Judaism 2449

because the Torah was given to them after
other peoples turned it down, have an obliga
tion to be a light unto the world. The Torah is
also referred to as the holy scriptures. It is the
first five books (Genesis, Exodus, Leviticus,
Numbers, and Deuteronomy) of what Chris
tians refer to as the Old Testament. In Hebrew,
the word Torah means teaching. In a larger
sense the Torah consists not only of the five
books, but includes all of Jewish tradition. The
belief in monotheism is affirmed in the Shema,
the first line and essence of which comes from
Deuteronomy 6:4, and is translated as Hear, O
Israel, the Lord our God, the Lord is One.
Judaism does not claim to be the only true
religion, but rather teaches that there are dif
ferent ways of reaching God.
Some sources define Judaism as the religion
of the Jews, but this then raises the question of
how to define Jews. The definition has changed
throughout history, and continues to change
even until today. This situation exists largely
because Jews also have been considered a race,
an ethnic group, a culture, a civilization, or a
nation. Today, a person born of a Jewish mother
is considered Jewish even if he or she does not
practice Judaism, unless there is a deliberate
rejection of Judaism. Reform and Reconstruc
tionist Judaism accept a child born of either a
Jewish mother or father if the child is raised to
accept Judaism. But until about 2,000 years ago
the religion followed the father instead of the
mother. In Israel today the issue of who is a Jew
continues to be a hotly debated topic which
changes according to the internal political situa
tion and influences from the Diaspora.
Abraham (ca. 1600 BCE) is considered the
first patriarch and the founder of Judaism. He
was born and raised in Ur (present day Iraq),
and afer rejecting the idols of his culture and
accepting the belief in monotheism, he migrated
to Canaan. As with much of ancient history,
researchers today question whether this is legend
or fact, or a mixture of both, but Abraham is
viewed as the founder of Judaism.
The initials used above, BCE, refer to Before
the Common Era, and CE refers to the Common
Era. They frequently are used by Jews instead
of BC and AD, which are based on the birth and
death of Jesus, and hence are viewed by some as
Christian markers. However, the years are the
same as in the Christian (Gregorian) calendar,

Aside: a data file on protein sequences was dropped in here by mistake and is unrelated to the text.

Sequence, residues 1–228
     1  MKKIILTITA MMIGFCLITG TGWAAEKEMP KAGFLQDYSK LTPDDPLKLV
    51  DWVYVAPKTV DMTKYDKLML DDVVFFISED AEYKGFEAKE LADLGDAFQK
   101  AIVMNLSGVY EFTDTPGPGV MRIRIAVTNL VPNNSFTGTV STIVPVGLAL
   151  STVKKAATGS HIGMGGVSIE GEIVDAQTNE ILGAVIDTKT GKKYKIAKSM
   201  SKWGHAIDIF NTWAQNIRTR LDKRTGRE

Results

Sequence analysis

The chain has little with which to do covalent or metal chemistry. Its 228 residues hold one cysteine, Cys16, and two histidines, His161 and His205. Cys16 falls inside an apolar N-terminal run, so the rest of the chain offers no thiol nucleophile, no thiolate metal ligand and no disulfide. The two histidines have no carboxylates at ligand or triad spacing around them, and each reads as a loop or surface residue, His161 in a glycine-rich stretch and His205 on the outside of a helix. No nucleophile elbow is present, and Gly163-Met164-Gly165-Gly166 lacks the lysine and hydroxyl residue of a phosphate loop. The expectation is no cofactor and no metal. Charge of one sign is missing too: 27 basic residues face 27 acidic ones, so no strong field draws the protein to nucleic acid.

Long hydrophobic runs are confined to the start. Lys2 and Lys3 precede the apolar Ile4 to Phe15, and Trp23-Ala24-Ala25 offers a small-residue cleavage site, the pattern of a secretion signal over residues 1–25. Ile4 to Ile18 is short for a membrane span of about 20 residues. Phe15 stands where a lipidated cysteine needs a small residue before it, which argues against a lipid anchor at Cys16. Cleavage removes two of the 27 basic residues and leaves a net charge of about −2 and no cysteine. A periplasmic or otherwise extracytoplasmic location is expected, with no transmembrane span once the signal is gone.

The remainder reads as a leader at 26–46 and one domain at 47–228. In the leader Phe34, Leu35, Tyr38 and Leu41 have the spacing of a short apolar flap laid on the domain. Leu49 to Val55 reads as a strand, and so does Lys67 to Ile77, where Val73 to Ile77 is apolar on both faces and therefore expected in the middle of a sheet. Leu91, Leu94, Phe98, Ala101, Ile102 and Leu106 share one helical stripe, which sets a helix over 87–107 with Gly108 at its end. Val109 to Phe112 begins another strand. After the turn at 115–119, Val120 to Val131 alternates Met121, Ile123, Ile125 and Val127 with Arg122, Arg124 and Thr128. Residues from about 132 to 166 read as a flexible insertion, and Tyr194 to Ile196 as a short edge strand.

so that one could, for example, say 2007 CE,
which would be the same as AD 2007. However,
within the Jewish community, and with Jewish
calendars, the years differ, and one does not use
any initials after the year. Because Judaism, like
Islam, the Chinese culture, and others, uses a
lunar calendar instead of a fixed calendar, the
Jewish year does not begin on January 1, but on
the Jewish holiday, Rosh Hashanah (the head
of the year), which usually occurs in Septem
ber or early October. The Jewish calendar adds
3,761 years to the Christian calendar, so that,
for example, the Christian year of 20002001
was the Jewish year of 57605761. Judaism uses
this system to date the beginning of the world
with Adam and Eve. Abraham, and the begin
ning of Judaism, go back only about 3,600 or
3,700 years, but the Jewish calendar goes back
1,946 years before Abraham. The number of
years is based on the 19 generations listed inclu
sively from Adam to Abraham (Abram) in Gen
esis 5:332 and Genesis 11:1026. The Jewish
day begins at sundown instead of at midnight.
While all of the Torah is very important to
Judaism, the Ten Commandments (Exodus
20:117), revealed to Moses at Mount Sinai in
the thirteenth century BCE, are viewed in Juda
ism as the basis of all legislation. About two
centuries after Moses, King David (1010970
BCE) made Jerusalem the center of the govern
ment and of Judaism. Davids son Solomon
built the first Temple, making Jerusalem the
physical center of worship for Jews. But the
strengthening of Jerusalem strained relations
with the tribes outside of Jerusalem, leading
to major effects on the future of Judaism.
Like most religions, Judaism has changed
over time and has developed divisions with
different definitions, degrees of traditionalism,
and practices. The first major division was in
721 BCE when the ten northern tribes, known as
Israel, were conquered by the Assyrians and
sent into exile (becoming known as the Lost
Tribes), while the two southern tribes, known
as Judah and centered in Jerusalem, continued.
In 2 Kings 17:7 it is said that Israel fell because
the people of Israel had sinned against the
Lord their God. But in 586 BCE Judah also
fell, victim of the large Babylonian Empire to
the east. Solomons Temple was destroyed and
much of the population, especially much of the
religious leadership, was deported to Babylonia.